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Theodore H. Davis Jr. is a partner with Kilpatrick Townsend & Stockton LLP in Atlanta, Georgia. In the interest of full disclosure, he notes the participation of his law firm in Cosa Instrument Corp. v. Hobré Instruments BV, 698 F. Supp. 2d 345 (E.D.N.Y. 2010), as counsel for the declaratory judgment plaintiff. He can be reached at firstname.lastname@example.org.
Both Article III of the U.S. Constitution and the Declaratory Judgment Act require courts acting under their authority to find an “actual controversy” before proceeding.1 Under this rule, “[p]arties that have their legal interests threatened in an actual controversy have standing to sue under the Declaratory Judgment Act. On the other hand, declaratory judgments cannot be used to seek advisory opinions on hypothetical factual scenarios.”2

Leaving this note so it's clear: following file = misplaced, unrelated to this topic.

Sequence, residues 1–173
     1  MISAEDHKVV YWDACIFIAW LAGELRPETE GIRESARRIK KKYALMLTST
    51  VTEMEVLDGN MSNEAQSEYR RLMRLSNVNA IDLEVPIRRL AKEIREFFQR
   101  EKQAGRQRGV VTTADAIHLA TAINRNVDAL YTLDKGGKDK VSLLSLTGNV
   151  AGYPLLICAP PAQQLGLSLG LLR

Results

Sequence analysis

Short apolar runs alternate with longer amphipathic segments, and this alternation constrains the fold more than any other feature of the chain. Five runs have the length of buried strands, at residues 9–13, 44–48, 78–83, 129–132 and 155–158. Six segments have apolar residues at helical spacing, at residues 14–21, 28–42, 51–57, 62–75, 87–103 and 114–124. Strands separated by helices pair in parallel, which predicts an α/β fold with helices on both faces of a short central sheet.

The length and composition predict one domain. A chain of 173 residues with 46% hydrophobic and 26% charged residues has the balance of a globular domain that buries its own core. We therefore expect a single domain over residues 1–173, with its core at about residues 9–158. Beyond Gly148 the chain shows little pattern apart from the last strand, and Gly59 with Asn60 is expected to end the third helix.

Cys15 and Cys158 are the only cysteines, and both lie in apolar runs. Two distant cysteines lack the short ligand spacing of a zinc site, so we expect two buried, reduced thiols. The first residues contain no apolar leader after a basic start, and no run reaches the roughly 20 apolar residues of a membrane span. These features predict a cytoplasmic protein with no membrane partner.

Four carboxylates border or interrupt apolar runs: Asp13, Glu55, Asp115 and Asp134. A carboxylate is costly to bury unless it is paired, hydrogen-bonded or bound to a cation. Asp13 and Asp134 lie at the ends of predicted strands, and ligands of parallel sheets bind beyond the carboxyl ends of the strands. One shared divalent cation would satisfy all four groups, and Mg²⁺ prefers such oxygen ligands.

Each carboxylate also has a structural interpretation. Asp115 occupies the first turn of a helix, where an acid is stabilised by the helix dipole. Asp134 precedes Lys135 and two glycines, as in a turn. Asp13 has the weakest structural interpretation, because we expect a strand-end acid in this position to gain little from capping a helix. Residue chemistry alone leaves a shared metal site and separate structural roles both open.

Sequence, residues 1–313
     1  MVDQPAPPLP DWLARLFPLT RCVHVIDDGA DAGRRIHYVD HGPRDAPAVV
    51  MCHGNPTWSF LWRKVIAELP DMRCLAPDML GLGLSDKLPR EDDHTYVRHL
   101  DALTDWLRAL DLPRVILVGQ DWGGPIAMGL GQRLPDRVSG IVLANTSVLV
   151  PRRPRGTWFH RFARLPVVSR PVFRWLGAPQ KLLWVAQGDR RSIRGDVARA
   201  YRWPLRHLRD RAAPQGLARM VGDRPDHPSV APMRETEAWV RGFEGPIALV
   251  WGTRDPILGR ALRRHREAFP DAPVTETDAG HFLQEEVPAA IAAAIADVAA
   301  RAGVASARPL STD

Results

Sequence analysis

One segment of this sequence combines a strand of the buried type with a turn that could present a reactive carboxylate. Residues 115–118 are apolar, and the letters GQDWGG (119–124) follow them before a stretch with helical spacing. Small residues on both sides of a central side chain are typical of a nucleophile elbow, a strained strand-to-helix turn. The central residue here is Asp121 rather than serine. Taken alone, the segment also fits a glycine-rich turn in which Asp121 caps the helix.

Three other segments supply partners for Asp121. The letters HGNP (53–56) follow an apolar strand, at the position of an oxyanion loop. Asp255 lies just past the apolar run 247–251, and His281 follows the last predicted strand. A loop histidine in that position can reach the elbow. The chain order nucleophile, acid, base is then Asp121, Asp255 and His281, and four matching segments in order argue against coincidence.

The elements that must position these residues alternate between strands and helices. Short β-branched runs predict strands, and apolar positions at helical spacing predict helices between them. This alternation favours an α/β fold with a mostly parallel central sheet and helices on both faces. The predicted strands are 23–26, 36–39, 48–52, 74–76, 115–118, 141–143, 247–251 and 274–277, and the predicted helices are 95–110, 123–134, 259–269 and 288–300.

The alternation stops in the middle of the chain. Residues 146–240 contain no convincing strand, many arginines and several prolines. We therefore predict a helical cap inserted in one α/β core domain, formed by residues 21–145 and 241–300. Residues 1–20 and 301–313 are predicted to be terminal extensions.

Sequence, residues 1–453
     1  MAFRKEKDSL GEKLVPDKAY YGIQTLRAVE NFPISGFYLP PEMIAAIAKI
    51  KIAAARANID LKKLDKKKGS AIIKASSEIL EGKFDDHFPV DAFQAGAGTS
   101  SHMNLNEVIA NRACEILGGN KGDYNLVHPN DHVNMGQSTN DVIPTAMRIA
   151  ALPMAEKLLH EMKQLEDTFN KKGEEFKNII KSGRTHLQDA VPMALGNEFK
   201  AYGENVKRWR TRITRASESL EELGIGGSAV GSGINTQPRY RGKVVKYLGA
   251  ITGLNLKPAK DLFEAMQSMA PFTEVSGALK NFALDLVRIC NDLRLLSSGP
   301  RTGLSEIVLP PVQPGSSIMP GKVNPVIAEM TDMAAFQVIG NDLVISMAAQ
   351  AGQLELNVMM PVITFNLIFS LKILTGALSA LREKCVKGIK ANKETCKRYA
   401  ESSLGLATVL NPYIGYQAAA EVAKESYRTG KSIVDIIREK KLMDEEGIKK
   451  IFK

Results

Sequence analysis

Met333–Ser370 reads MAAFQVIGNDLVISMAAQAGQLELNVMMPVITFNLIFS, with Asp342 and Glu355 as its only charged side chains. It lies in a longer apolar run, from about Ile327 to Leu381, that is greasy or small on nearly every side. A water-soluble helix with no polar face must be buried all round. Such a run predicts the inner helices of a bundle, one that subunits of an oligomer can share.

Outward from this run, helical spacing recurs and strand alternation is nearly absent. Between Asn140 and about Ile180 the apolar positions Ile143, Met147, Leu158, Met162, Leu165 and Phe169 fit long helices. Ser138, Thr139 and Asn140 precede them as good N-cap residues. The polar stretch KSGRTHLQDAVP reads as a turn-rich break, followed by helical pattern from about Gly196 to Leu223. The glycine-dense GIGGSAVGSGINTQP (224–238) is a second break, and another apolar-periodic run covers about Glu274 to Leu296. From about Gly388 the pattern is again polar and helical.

The Supreme Court’s 2007 opinion in MedImmune, Inc. v. Genentech, Inc.,3 loosened the standard governing this requirement, holding it satisfied when “the facts alleged, under all the circumstances, show that there is a substantial controversy, between parties having adverse legal interests, of sufficient immediacy and reality to warrant the issuance of a declaratory judgment.”4 In MedImmune’s wake, courts have increasingly found actionable controversies on the theory that: